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Artist Statement

Cindy Baker — Fashion Plate
(with assistance from Megan Morman)

As now existing, fashion is a form of social regulation analogous to constitutional government as a form of political regulation.

— H. Spencer.

One of my fascinations with this project is in examining the dance people will do between wanting to create something that will fit (and look good) on my (relatively enormous) body, while avoiding creating something so large as to be farcical. What would be more unacceptable; which of these results would be more embarrassing or hurtful — discovering that you have created something much too small, or overestimating the size?

I’m really interested in the idea of disappointed expectations. This project actively provokes disappointment through awkward relationships between artist & audience, model & designer, and plays off subject/object, creator/viewer dichotomies that I’m interested in through all my work.

This project in particular asks the viewer to look at me not as a performance artist but as a model – it is they who are the artist/designer, so there are many possible layers of awkwardness here.

This project gives people permission to look at me, to literally size me up. In fact, it requires them to, to look at me and really think about what they’re seeing. This is the most challenging part of Fashion Plate, I think – for the audience, to be asked to look at me and really think about it; and for me, to be looked at so critically by all the people I encounter.

The thing that I find curious about disappointed expectations is finding the truths hidden within – set up an unrealistic task, and map the strategies used to try to get there to reveal something real. I usually take on these tasks to learn more about myself (my limitations), but this project sets out to present small tasks to others: those who are willing to invest, and I will share with them in return. For this to work, we must both be willing to be a bit vulnerable. It’s a negotiation – the more they share, the more I can share, and the more information changes hands, the more interesting and perhaps wearable the end product.

Chances are that everyone will want to please. Who's to blame if the clothes do not fit?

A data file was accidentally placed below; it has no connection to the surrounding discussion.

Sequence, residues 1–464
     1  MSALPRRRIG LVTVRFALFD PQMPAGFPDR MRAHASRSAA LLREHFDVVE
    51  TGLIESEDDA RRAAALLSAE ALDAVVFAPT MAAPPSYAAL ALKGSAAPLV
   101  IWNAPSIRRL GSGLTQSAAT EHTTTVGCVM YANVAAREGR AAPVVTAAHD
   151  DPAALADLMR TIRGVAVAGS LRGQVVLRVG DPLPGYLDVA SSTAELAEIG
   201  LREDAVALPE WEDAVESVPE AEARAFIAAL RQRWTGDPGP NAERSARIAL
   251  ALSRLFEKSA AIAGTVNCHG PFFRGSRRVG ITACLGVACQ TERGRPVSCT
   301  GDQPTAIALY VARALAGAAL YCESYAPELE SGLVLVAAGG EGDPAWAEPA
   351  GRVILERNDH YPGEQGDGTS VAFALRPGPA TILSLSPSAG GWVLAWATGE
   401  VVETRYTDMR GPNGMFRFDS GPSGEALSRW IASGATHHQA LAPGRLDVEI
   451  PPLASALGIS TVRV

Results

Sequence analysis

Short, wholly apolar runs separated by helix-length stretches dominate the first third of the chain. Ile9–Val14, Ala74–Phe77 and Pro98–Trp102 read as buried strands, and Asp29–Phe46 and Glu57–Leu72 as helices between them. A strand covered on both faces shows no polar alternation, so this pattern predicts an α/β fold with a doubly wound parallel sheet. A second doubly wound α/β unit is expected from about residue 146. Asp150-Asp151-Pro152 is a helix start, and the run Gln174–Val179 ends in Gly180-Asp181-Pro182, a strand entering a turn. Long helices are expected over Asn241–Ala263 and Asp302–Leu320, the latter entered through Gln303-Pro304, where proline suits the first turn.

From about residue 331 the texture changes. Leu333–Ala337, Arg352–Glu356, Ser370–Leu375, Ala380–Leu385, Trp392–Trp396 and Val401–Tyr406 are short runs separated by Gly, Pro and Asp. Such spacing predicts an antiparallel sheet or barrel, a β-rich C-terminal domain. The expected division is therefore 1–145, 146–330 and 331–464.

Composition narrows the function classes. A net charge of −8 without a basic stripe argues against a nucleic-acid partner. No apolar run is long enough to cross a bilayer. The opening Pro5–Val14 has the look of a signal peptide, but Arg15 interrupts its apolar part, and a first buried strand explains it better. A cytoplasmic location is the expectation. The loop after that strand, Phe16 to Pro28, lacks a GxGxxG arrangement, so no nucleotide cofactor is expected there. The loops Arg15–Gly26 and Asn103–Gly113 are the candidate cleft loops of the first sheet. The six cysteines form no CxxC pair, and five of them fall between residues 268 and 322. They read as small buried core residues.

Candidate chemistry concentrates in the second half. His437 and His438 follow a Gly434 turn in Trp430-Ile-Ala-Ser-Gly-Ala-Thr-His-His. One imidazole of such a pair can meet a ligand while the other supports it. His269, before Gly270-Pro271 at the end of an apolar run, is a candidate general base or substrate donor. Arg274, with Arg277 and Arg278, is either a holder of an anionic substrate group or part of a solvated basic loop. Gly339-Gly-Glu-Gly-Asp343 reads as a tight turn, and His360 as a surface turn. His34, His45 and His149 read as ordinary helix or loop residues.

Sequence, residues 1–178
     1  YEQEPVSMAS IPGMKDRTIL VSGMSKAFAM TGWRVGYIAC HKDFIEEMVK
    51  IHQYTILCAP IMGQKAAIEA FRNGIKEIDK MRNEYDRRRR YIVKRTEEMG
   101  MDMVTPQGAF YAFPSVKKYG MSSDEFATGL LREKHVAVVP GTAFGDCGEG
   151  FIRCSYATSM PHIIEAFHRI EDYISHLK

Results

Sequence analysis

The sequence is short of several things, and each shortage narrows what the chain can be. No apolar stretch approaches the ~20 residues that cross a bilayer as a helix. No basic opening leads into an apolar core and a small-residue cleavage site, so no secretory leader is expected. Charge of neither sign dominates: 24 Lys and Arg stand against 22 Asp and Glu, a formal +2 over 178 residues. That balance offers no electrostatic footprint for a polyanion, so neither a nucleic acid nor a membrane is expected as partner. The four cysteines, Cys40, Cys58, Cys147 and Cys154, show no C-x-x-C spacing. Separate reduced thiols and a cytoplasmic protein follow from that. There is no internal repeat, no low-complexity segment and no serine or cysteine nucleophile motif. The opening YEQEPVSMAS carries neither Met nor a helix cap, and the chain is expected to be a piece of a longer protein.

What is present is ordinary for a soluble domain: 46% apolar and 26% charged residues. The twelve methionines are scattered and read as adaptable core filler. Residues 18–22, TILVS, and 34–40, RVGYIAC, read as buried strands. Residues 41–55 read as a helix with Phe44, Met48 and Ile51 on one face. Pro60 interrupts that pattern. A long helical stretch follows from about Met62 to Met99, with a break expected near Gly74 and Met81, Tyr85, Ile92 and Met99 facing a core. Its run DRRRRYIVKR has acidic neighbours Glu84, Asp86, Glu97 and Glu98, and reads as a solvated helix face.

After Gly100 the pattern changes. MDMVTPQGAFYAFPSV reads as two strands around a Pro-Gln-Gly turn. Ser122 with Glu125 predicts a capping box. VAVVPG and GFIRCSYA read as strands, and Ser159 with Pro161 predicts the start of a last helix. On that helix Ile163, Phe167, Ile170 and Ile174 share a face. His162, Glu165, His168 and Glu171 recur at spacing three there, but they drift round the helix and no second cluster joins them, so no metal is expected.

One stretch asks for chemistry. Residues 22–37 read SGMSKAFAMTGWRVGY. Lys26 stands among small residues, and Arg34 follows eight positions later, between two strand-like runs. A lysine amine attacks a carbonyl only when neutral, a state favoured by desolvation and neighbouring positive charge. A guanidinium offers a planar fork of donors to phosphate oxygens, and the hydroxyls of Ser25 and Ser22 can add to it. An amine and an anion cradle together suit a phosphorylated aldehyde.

What kind of connection can be made between that artist and the people who are asked, in effect, to sympathize with the artist, to develop a real (physical) understanding of her body, as well as the situation she finds herself in in relation to fashion and culture? (When I look in the mirror, I see a fat woman, not from the perspective of a fat woman but from the perspective of thinness that is the dominant image presented to me. Even when I shop for clothes or patterns, I must translate much further to decide what will look good, or even fit me.)

Chances are the clothes will be too small. Chances are, the audience will prefer to experience the short-lived embarrassment of the fat woman trying to squeeze into an ill-fitting garment, for the embarrassment is all hers – she's the one that's too fat. Who could blame the clothes, or the designer who clearly tried to accommodate a large woman into the design? Clearly, the artist is so big that she defies even those well-meaning attempts to accommodate her.

In comparison, by creating something too big, the embarrassment is transferred to the designer. Did you really think she was that big?

Yet, if all (or the majority) of the clothes are too small, it is the audience as a whole that will be expected to take a large part of the blame - Are you really THAT out of touch with reality?

This project isn't about blame or shame, it's about asking people to work towards a clearer understanding of ourselves and our relationship to others and the world around us, especially in finding ourselves in the media landscape. I'm asking, for at least a short period of time, for people to think REALLY HARD about someone else's body, regardless of size, about that body in relation to their own and in relation to fashion, which is, after all, a visual translation of society's rules or standards about bodies.

This project isn’t about my expectations being disappointed by the end result, it’s about taking a pile of categorically/chronically/traditionally/predictably disappointed expectations, culminating in nervous-viewer-meets-nervous-artist, and trying to come up with small solutions.

A curious blend of performance and object-making, the most important part of the project will be firstly what happens between me and the people I encounter every day; the conversations, the layers of negotiation and the things that are avoided as well as the things that are covered. Nothing in particular interests me about each potential garment, but it is the final product; the rack full of clothes, the finished collection – that has the potential to tell a story, to demarcate trends or reveal truths. Everything else in between is just work.

Cindy Baker, July 2005

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